The Writing Craft with Kris Jacen!



And your name is…?

Our names are so important to who we are. Your parents spent time picking your name; if you have children you did the same (probably). You spend time wonder whether the name you picked for your character fits them. So why don’t authors give the same time and attention to picking their pen name?

I can totally understand not wanting to be another Jane/John Doe. I can completely 100% understand not feeling comfortable using your legal name while writing erotic romance/erotica/BDSM. But what I can’t understand is picking a name that will make it difficult for readers/editors/publishers to find you OR address you by name in an interview or at a conference.

Think about it. The last time you heard about book x/y/z but all you could remember was the author’s name BUT you couldn’t find it. It was a bit frustrating I’m sure. The name could have been the easiest one – John Smith but if the author got creative in the spelling (beyond John vs Jon)? They just lost a sale.

Remember to also, after you’ve chosen your pen name, establish an email address that is associated with your pen name only. Something professional that is easy for everyone to know it belongs to you and not the email address you’ve been using forever. You know the ones I’m talking about *cough**cough*

There have been discussions both in the m/m community and the romance community at large about the use of pen names. Is it bad? No – so long as you’re honest about yourself while using that. What do I mean by that? Don’t choose a male name (or a female if you’re male) and then PRETEND you are fill-in-the-blank (gay man, straight woman, etc.) and giving out advice about everything and anything as if you’re an expert. Now, I’m not saying that you need to share your youngest’s report card or your oldest’s prom picture (you can if you want) but it’s okay to keep personal details personal as long as you’re not deceiving others while doing it.

So as you’ve finished your manuscript and are polishing it to submit to a publisher (or thinking about a new pen name writing in a different genre), take some time to think about your pen name and choose wisely.

7 thoughts on “The Writing Craft with Kris Jacen!

  1. These are all excellent points and things to think about when picking and choosing a name that is going to be part of your identity as a published writer (hopefully).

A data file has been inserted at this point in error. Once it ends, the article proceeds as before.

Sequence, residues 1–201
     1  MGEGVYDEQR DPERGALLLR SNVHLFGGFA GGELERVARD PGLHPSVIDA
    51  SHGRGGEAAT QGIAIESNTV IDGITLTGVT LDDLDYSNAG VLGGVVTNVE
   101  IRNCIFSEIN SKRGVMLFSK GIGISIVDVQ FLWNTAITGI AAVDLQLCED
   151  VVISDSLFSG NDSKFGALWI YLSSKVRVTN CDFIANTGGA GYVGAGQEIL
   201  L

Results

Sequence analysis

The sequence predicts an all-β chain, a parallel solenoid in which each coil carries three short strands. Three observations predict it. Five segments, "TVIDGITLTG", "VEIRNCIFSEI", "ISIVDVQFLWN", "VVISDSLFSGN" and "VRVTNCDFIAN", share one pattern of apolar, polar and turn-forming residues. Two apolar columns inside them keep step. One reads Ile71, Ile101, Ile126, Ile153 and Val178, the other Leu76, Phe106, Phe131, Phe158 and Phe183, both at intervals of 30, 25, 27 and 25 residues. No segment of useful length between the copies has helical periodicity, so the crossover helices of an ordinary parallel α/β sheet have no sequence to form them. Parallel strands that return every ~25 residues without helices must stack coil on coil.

2. Great post. May I also recommend trying your name on Amazon. My original pick for a pen name is used by an author of children’s books. That is why I change it to Jenn Dease.

  3. Back in the day I wrote a couple of m/f novels from the woman’s POV – I was told they wouldn’t sell as everyone knew I was a guy and guy’s don’t sell m/f romance – they were right. LOL I considered a pen name of Jane or Doris Bowie but never went through with it.

  4. I did as Jenn suggested above when chosing a pen name, and checked on Amazon to be sure I wasn’t going to be confused with someone notable or in the same field (or in childern’s lit – that would have been unfortunate.) I’ve benefited from choosing a fairly unique but short first name – I can use it as a signature and be easily identified, but it’s not too hard to remember. I was lucky – the name was a childhood nickname so it was easy to come up with and I answer to it 🙂

    Initials are nicely gender neutral but a bit harder to keep straight for people with a poor memory like me – I have several favorite authors who use initials and I usually search them by last name only.

    (BTW, for anyone wondering Kaje is pronounced like “cage” – that was the only downside to unique; eveyone can spell it but not everyone could say it 😉

  5. The thing that drives me nuts is when book publishers will put out a paperback with a similar cover to another best-selling author’s but the name is slighty different. Instead of Dan Brown it’s Don Brown but if readers just grab and go…. that’s some shameful Tom foolery there!

  6. Great points, Kris. The late author Jeremiah Healy brought up another point, which is probably less relevant as fewer people buy books in physical bookstores. He chose the pen name he used for a different series in part for its shelf placement — by beginning with a D, he thought it would get his books to the top shelf of the second cabinet, and be near some other author whose work was similar to his. I wonder if anyone is practicing that Yellow Pages trick of using AA to get to the top of a list — Aaron Aarons, anyone?

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